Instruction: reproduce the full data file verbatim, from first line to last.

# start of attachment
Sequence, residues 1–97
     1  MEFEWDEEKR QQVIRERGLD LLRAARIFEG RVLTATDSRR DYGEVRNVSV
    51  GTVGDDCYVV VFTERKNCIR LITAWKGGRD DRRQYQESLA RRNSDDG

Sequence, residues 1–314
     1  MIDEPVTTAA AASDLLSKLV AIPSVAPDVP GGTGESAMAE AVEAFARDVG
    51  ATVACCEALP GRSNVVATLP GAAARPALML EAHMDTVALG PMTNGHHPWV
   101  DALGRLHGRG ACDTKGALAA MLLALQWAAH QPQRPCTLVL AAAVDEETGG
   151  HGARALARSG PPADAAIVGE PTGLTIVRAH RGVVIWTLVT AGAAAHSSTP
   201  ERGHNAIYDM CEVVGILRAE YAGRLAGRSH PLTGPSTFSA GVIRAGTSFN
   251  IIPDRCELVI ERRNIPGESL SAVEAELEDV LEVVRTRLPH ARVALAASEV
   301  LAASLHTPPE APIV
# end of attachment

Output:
Sequence, residues 1–97
     1  MEFEWDEEKR QQVIRERGLD LLRAARIFEG RVLTATDSRR DYGEVRNVSV
    51  GTVGDDCYVV VFTERKNCIR LITAWKGGRD DRRQYQESLA RRNSDDG

Sequence, residues 1–314
     1  MIDEPVTTAA AASDLLSKLV AIPSVAPDVP GGTGESAMAE AVEAFARDVG
    51  ATVACCEALP GRSNVVATLP GAAARPALML EAHMDTVALG PMTNGHHPWV
   101  DALGRLHGRG ACDTKGALAA MLLALQWAAH QPQRPCTLVL AAAVDEETGG
   151  HGARALARSG PPADAAIVGE PTGLTIVRAH RGVVIWTLVT AGAAAHSSTP
   201  ERGHNAIYDM CEVVGILRAE YAGRLAGRSH PLTGPSTFSA GVIRAGTSFN
   251  IIPDRCELVI ERRNIPGESL SAVEAELEDV LEVVRTRLPH ARVALAASEV
   301  LAASLHTPPE APIV